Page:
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GOV ALERT: Queensland finance teams targeted

Shanna Hall
4 Min

On 26 March, the Queensland Government Cyber Defence Centre (CDC) issued a warning about known business email compromise (BEC) campaigns targeting public sector organisations within Queensland. 

Queensland finance teams should be on high alert toward emails or phone calls purporting to be from vendors. Pay extra attention to all email addresses and domain names – the QLD CDC has issued a list of red-flag domain names, although Eftsure has also caught attempted frauds using other domain names that do not appear on this list. 

What red flags should teams look out for? 

The attempts follow a similar pattern, using both phone and email to manipulate finance and accounts teams into making fraudulent payments into attacker-controlled bank accounts. 

Look closely at email addresses and domain names. Threat actors are using legitimate vendors’ names and email structures by registering a new ‘.com’ domain name, followed by a ‘pty,’ ‘ltd,’ or ‘ptyltd’ suffix. The actors then create an MX record, or mail exchange record, which essentially points to the IP addresses of a mail server’s domain and allows email communication with the target.

Indicators to watch out for

  • Domains
    • downerptyltd[.]com
    • downerltd[.]com
    • downergroupptyltd[.]com
    • jjswastepty[.]com
    • jjrichardspty[.]com
    • veoliapty[.]com
    • mottmacpty[.]com
    • zttcablepty[.]com
    • cleanawayptyltd[.]com
    • cleanawaypty[.]com
    • accionapty[.]com
    • uglregionallinxpty[.]com
  • Email Addresses
    • accounts.receivable[@]jjwastepty[.]com

Note that these are just the technical indicators circulated by the QLD CDC. Other domains and email addresses are easy and cheap for threat actors to create, so don’t assume a contact is safe just because the domain doesn’t appear on this list. 

Malicious actors have most likely researched the relationships and email address structures used between government entities and their vendors, strengthening their social engineering attempts – that is, psychological manipulation that relies on deception or impersonation.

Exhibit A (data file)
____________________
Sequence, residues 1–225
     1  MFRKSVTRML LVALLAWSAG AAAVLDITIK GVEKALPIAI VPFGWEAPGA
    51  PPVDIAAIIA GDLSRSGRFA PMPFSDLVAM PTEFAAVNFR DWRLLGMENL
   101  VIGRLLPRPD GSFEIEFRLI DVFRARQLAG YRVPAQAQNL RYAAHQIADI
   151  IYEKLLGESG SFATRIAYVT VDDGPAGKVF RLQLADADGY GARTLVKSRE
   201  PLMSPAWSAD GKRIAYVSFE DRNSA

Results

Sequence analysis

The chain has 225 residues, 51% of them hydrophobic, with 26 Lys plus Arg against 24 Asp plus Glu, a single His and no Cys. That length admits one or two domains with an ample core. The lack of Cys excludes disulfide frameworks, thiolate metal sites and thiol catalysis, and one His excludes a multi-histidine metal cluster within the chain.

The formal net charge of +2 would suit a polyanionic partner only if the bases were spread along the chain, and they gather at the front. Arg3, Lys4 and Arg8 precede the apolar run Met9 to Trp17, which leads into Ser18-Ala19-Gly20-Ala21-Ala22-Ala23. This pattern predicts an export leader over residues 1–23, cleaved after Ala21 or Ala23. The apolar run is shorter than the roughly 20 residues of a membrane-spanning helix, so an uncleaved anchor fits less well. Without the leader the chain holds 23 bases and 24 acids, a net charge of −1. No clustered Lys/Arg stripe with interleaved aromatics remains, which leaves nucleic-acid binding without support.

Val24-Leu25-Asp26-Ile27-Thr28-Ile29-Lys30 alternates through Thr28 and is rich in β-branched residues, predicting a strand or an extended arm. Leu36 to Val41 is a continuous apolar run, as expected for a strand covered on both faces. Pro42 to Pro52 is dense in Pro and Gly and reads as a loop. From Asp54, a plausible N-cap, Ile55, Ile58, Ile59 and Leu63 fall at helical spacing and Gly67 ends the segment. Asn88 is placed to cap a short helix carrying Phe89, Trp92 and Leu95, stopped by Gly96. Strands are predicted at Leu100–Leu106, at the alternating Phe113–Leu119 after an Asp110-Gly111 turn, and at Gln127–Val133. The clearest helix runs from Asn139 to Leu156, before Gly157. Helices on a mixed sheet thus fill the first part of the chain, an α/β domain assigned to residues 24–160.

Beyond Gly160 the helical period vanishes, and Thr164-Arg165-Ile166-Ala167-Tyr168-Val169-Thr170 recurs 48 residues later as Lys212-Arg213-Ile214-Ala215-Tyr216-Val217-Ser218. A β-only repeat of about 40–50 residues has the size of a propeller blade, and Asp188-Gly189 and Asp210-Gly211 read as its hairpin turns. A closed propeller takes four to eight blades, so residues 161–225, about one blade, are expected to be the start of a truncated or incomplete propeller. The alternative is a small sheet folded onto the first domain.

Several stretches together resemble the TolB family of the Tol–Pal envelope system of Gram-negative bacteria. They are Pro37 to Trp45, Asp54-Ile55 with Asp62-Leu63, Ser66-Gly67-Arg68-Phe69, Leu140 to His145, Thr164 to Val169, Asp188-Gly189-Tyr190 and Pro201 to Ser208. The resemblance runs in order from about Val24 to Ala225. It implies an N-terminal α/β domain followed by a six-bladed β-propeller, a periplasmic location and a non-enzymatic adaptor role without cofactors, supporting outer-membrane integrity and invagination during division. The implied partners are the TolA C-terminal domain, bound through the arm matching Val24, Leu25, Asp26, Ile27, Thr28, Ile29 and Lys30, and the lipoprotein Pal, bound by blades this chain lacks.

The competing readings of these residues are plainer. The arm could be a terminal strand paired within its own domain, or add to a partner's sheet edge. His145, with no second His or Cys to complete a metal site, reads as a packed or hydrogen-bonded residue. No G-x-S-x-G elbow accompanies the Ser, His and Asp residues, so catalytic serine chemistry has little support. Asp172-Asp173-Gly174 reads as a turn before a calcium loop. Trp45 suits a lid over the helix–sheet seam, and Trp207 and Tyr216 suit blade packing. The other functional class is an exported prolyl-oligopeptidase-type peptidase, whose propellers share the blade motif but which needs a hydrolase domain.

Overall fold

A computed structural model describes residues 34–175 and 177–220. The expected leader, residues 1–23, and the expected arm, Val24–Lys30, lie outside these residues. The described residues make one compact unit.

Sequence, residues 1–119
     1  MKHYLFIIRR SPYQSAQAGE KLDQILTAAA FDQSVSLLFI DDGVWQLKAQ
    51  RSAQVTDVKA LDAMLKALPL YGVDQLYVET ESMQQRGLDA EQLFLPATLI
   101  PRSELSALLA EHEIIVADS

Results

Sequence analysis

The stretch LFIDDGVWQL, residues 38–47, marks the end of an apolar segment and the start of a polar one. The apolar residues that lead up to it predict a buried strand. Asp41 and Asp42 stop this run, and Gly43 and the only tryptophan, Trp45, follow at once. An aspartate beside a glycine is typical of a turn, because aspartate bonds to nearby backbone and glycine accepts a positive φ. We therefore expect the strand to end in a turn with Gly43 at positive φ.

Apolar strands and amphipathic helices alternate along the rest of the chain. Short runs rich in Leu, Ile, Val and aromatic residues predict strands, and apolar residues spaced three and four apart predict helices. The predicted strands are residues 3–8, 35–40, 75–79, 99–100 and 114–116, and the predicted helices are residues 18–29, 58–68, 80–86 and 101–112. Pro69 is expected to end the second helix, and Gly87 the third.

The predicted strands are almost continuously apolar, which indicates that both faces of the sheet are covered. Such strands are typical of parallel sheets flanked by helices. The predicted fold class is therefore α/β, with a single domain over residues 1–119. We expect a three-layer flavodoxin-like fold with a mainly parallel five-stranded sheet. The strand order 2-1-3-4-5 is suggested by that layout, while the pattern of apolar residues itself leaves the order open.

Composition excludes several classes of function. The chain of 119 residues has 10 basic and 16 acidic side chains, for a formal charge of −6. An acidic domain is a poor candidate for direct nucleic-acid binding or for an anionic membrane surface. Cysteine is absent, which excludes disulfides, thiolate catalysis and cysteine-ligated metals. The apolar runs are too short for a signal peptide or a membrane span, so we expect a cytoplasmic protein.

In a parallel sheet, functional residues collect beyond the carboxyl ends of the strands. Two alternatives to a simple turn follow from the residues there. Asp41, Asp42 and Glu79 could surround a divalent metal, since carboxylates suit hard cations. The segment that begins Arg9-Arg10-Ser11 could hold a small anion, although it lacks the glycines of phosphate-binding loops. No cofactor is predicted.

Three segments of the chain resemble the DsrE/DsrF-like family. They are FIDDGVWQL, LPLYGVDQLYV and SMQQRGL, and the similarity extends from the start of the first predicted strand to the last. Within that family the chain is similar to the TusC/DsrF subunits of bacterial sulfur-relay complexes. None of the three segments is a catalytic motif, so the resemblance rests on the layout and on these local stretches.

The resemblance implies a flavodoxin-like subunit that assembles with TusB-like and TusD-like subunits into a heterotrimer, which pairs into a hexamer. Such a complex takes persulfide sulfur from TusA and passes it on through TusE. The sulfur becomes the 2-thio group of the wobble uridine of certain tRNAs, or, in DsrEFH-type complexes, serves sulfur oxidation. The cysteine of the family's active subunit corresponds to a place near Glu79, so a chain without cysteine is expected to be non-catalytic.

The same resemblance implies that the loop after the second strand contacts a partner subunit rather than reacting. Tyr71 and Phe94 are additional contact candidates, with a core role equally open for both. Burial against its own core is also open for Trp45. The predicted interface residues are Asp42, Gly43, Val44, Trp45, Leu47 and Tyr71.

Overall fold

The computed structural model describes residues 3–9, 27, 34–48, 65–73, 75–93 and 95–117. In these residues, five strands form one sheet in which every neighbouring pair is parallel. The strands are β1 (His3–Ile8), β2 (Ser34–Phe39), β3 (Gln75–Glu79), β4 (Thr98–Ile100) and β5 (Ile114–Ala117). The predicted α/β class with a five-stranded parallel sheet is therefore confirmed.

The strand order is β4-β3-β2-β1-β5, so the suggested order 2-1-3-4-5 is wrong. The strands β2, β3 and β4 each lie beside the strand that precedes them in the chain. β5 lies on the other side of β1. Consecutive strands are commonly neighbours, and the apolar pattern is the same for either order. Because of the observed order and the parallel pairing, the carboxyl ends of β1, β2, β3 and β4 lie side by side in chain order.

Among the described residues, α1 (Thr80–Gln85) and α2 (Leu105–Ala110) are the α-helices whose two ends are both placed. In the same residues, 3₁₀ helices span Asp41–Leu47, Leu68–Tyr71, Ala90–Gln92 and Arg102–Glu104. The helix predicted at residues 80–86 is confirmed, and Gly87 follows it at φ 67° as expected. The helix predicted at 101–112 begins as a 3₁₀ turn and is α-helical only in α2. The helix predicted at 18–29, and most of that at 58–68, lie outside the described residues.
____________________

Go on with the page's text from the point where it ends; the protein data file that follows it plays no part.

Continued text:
What do these fraud attempts usually look like?

Threat actors will email finance or account teams from the bogus email address asking to confirm vendor contact details or some other small communication to build rapport. They may also ask for past financial statements, invoices or remittance advice, which they’ll later use to circumvent fraud or security checks when updating their payment information. 

That step is one of the most critical – after a bit of emailing, calling and asking for certain data or documentation, the “vendor” will try to amend payment information for the legitimate vendor, switching the details to those of bank accounts they control. 

Initial contact made by the threat actor from the impersonated email address is often benign, attempting to only build rapport with an end-user by confirming the vendor contact details.

How to protect your organisation

  • Ensure all finance and accounts payable employees are aware of the ongoing attempts and know which red flags to consider
  • Double-check processes and control procedures that enable secure payment information updates for legitimate vendors
  • Assess your security policy around email gateways for emails from newly registered domains
  • Search your email gateway and environment for the known technical indicators indicated above
  • For QLD government organisations that have been impacted (or fear they may have been impacted), contact QGISVRT immediately via or 07 3215 3951

These steps can help you secure your organisation in the short term. In the longer term, you’ll want to consider broader steps that can help pre-empt attacks like BECs – after all, even if government agencies act quickly, it’s not always possible to warn organisations about these sorts of threat actors ahead of time. 

Generally, take a look at these three main areas. 

  • People. Finance and AP teams are often not taught to recognise sophisticated cybercrime tactics, especially since these tactics are constantly evolving and leveraging new technologies. Periodic, tailored awareness programs and training are necessary to keep staff aware and alert. 
  • Processes. Your financial control procedures are often the last line of defence against fraud attempts and cybercrime. Even if an employee slips up or makes a mistake, these processes should act as a final guardrail to keep your money out of fraudsters’ accounts. Think about pressure-testing your existing processes to see where there may be gaps or vulnerabilities. 
  • Technology. As part of your processes and control procedures, consider which steps can be automated or centralised, reducing risk of employee error or processes not being followed. 

Want to know more? Read more about business email compromise (BEC) attacks and how they work.

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